Four credit unions experienced strong assets growth in 2018 (over 20%) – Compass Credit Union (formerly Crocus) located in Brandon, Manitoba’s assets  grew by 42.3% primarily due to the merger between Crocus Credit Union and Erickson Credit Union in 2017;   Connect First Credit Union (formerly First Calgary)  in Calgary Alberta experienced growth of 26.3% in assets primarily due to the merger with Legacy Savings & District credit union on November 1, 2017; Sunova Credit Union located in Selkirk, Manitoba experienced growth of 26.3% in assets primarily due to a merge with Oak Bank Credit union; and DUCA Credit Union located in Toronto, Ontario experienced organic growth of 21.5% in assets.  (see Schedule 12 for more details)

Vision Credit Union in Camrose, Alberta with assets over a $1 billion had the privilege of having the highest return on assets (ROA) of 1.50% in 2018. Two other much smaller credit unions had   ROA of over 1.20% – St. Gregor Credit Union located in St. Gregor, Saskatchewan had a ROA of 1.28% and Dodsland and District Credit Union located in Dodsland, Saskatchewan had a ROA of 1.20%.  (see Schedule 14 for more details)

Number of Credit Unions

The number of credit unions in the system declined by 11 credit unions primarily due to mergers and amalgamations from 261 in 2017 to 250 in 2018.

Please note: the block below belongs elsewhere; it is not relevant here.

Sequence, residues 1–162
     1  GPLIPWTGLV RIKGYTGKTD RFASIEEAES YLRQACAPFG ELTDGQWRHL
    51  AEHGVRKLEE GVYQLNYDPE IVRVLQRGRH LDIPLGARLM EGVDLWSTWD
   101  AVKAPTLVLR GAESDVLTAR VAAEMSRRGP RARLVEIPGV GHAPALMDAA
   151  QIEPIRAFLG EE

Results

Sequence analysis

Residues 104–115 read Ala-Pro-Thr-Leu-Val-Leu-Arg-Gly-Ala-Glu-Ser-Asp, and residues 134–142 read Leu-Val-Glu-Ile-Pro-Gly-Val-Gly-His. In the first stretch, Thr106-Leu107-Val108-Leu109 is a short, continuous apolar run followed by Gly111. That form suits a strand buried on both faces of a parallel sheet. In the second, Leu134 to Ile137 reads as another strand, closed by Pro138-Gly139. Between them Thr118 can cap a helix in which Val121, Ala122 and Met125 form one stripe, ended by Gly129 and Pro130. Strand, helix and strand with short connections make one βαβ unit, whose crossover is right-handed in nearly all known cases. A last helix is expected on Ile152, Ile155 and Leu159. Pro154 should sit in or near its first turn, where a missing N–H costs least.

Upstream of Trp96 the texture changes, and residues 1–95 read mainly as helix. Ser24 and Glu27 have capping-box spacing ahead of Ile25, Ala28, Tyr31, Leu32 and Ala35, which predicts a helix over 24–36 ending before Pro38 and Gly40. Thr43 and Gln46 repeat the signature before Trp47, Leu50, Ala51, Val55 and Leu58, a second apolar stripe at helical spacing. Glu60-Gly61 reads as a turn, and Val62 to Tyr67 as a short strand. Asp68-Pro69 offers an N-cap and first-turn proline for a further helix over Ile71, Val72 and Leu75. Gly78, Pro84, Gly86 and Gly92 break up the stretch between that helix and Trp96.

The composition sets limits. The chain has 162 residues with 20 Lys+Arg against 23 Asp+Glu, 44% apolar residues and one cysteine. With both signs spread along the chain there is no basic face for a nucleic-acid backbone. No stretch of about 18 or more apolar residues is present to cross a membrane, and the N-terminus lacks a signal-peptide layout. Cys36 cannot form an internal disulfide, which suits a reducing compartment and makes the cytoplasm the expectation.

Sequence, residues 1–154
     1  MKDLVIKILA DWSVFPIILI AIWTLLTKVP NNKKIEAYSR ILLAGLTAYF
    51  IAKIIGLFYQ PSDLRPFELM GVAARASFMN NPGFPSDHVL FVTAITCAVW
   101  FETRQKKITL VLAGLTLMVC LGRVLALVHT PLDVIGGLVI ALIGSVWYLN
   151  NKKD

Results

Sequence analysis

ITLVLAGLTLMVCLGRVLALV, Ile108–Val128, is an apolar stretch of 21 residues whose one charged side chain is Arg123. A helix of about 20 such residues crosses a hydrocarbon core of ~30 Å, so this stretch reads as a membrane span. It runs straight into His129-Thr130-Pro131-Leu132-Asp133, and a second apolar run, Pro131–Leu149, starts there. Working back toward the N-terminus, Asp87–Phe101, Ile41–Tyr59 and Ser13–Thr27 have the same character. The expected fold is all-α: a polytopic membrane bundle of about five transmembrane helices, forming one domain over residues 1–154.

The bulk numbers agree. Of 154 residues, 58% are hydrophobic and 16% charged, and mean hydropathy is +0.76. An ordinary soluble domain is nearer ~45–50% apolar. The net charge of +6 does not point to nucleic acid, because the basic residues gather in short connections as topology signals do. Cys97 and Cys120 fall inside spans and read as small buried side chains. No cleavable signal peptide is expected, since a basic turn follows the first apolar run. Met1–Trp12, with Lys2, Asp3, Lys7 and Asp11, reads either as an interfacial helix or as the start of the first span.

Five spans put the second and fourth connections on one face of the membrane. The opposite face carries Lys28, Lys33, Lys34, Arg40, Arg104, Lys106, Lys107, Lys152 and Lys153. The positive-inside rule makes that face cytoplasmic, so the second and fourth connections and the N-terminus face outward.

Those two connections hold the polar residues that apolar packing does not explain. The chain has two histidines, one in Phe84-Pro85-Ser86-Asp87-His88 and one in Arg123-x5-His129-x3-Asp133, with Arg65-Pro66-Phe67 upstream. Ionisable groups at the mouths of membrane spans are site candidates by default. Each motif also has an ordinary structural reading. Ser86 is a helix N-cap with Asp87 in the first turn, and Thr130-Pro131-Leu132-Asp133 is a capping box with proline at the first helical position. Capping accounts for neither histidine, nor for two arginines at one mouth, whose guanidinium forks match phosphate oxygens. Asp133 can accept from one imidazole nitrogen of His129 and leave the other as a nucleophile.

Number of Branches

While, the number of branches increased from 1,722 in 2017 to 1,775 in 2018.  The caisses populaires has seem their branch number decline in the last five years, primarily due to a concerted effort to amalgamate smaller caisses populaires. 

Servus Credit Union, located in Edmonton Alberta has the largest branch network of 102 branches (see Schedule 26). See Schedule 25 which ranks the credit unions by deposits per branch – of  the top 5 there was one credit union with less than 5 branches – Steinbach Credit Union located in Steinbach, Manitoba (3 branches -$1.77 billion  in deposits); the next two credit unions with major branch networks had the largest deposits per branch – Vancouver city Savings Credit Union located in Vancouver, BC with 59 branches – $327.4 million per branch and Coast Capital Savings Credit Union located in Surrey, BC with 52 branches – $312.5 million in deposits per branch.

Auditors

Only eight credit unions are being audited by auditor firms that have one large credit union as their audit client. The remaining credit unions are being audited by 17 different major audit firms.  KPMG LLP has 19 (compared to 20 last year) audit clients representing 39.4% (compared to 41.5% last year) of the assets of the largest credit unions in Canada.   MNP LLP has the largest number of audit clients at 41 (compared to 39 last year) representing 10.6% (compared to 10.9% last year) of the total assets of the largest credit unions in Canada.  (see Pages 13  to 22 for more details)